A year and a half in, the partners spend about sixty hours every week at their store, sometimes close to 100 if they’re gearing up for a big event or meeting a deadline. When things get a little too hairy, even for the tireless 20-somethings, family members lend a helping hand. It’s always busy. Articulations curates dynamic exhibitions in its gallery and window vitrine showcasing emerging toronto artists, who happily make use of the space to display and sell their work, and the partners offer a variety of classes and workshops to those who are interested in exploring their creative talents and trying out new media. Heather and Miki are planning their summer roster, including print-making and watercolour workshops for adults starting in June, and weeklong summer art camps for kids ages six to 12 that start in July. There is also the CONtACt Photography Festival in May – “a big event for us and for the neighbourhood,” says Miki – and The Junction’s third Annual Design Crawl in August. That’s when designers show their work in a number of curated locations, including Articulations. The Junction BIA is holding a Summer Solstice event on June 22 and Articulations will be taking part with a mason jar lantern-making project for youth. The partners are proud of what they’ve already accomplished, “and we’re really humbled by how the neighbourhood has supported us and taken us in,” says Heather. “Customers go out of their way to tell us that we’re an important part of the community.” The two were recently invited by Swansea Public School to help out with an anti-bullying campaign. Sixty students from Grades 3, 4 and 7 took part, making buttons printed with antibullying slogans. “They pumped out 700 buttons to distribute to their school at their dance-a-thon on Pink Shirt day,” says Heather. In March, Miki and Heather challenged artists to fill up the pages in their sketch books for an April exhibition at the store called FILL’er UP. They received submissions from more than 130 people – from four and a half year olds to people over 60. The challenge – do at least one creative thing in your sketchbook every day – was marketed locally, but somehow word got around and artwork came from as far away as Newfoundland and the Yukon! Carving out their place in the community The Articulations niche is centred around customer service – and the partners’ ability to track down items their customers want. “We’re a small store with a small selection, but we are good researchers and treasure hunters. If there’s something you’re looking for and you don’t see it on our shelves, we’ll do our best to find it,” says Heather. “People have started to recognize us as
a go-to place for information, help and service.” Articulations also carries items that are hard to source elsewhere – like rublev oil colours made from Natural Pigments, rosemary brushes from england and Mokuhanga materials for Japanese woodblock printing – and Miki and Heather are open to suggestions and more than happy to place special orders for their customers. “We try to specialize because toronto has a very competitive art supply market,” says Miki. “We carry some items that people come into the city just to buy from us.” to make it even easier for their clients – especially those who have to travel to the store – Articulations is launching an online service “so people outside the city who want to buy products from us can order online and have their items shipped.”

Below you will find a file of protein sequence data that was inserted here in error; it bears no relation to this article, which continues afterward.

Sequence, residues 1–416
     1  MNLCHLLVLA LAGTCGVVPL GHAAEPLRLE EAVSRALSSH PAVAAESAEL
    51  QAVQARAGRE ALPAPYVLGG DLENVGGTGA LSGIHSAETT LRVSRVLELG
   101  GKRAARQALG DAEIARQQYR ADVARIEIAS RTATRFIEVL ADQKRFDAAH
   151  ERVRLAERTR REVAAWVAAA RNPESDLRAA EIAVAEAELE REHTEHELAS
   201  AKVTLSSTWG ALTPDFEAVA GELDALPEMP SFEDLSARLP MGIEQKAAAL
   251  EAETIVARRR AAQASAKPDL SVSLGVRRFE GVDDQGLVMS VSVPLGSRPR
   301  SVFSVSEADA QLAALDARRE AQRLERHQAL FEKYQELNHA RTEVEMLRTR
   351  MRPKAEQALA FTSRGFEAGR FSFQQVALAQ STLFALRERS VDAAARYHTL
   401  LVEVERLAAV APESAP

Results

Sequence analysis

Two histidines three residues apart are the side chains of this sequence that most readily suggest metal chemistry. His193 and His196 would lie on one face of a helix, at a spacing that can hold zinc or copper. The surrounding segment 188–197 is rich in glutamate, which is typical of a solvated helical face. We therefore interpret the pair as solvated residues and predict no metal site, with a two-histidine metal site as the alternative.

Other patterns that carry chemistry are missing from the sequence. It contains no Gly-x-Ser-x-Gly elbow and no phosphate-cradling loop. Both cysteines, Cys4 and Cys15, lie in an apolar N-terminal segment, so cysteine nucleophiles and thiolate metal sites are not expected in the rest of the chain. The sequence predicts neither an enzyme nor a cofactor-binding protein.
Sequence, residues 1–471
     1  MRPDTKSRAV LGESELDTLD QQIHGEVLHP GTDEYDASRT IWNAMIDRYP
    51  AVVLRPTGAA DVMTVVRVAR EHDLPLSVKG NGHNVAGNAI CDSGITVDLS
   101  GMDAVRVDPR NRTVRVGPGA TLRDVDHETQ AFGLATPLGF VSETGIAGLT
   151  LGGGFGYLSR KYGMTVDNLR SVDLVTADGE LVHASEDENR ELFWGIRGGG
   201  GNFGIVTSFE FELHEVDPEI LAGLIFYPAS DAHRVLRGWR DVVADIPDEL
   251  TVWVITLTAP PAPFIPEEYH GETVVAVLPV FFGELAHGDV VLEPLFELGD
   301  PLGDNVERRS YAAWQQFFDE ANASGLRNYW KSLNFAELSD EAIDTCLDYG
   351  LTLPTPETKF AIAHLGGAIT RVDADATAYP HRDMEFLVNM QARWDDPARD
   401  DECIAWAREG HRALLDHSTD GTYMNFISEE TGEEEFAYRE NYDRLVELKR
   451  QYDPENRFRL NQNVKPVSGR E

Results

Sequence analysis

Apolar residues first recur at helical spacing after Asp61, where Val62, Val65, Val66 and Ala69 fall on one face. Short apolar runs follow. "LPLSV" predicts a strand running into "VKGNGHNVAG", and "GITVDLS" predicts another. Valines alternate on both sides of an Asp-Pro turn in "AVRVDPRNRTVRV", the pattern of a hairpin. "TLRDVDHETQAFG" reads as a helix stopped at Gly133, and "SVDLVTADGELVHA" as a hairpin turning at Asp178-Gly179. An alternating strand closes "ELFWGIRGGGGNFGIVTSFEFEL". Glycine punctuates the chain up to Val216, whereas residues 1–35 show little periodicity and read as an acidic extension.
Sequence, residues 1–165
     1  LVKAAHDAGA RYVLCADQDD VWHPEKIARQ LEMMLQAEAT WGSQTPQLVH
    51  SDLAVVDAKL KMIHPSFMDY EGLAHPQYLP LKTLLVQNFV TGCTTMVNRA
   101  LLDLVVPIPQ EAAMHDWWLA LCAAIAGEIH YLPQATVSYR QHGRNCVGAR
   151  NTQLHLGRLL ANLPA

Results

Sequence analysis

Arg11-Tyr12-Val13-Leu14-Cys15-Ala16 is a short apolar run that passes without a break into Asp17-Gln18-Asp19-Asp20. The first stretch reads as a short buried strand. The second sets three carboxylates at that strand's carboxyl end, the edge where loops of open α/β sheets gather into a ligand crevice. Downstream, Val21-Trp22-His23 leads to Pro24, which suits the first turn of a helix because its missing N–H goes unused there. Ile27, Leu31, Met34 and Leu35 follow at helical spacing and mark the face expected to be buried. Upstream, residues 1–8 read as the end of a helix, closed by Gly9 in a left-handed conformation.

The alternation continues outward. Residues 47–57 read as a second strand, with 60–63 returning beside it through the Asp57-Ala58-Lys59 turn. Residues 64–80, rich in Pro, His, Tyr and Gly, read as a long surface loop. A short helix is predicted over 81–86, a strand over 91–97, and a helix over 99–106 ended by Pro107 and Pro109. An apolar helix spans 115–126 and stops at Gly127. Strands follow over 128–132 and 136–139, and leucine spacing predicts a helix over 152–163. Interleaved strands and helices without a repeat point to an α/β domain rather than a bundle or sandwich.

“We’re very invested in sharing art with the community and figuring out ways to make it accessible to everyone,” says Miki. “If we can support people in their artistic goals and help them to push themselves creatively,” says Heather, “the benefits are going to reach over into other areas of their life.”
Making people happy Helping others to explore their talents is particularly satisfying, agree Miki and Heather, because they know how healthy art can be. For Miki, making art is like taking a therapeutic holiday. “It’s a way of meditating; to get away from stressful events. I can sit down and create something and not eat a single meal or drink a glass of water for six hours because I’m so into it. I lose track of time. For me, making art is like a vacation.” Heather has a similar view. “Using your hands and your mind – without being distracted by Facebook and twitter and the Internet – can have a really calming effect and leave you feeling re-charged and ready to face whatever comes along in your life.” For the partners, that ‘whatever’ was – and is – Articulations. They’ve found their place in the heart of the community and they’re committed to making The Junction an even better place to live, work and especially to play.
2928 Dundas St. W. The Junction 416-901-7464 articulations.ca email@example.com
Neighbourhood Living |
Neighbourhood Living Magazine - West - Spring/Summer 2013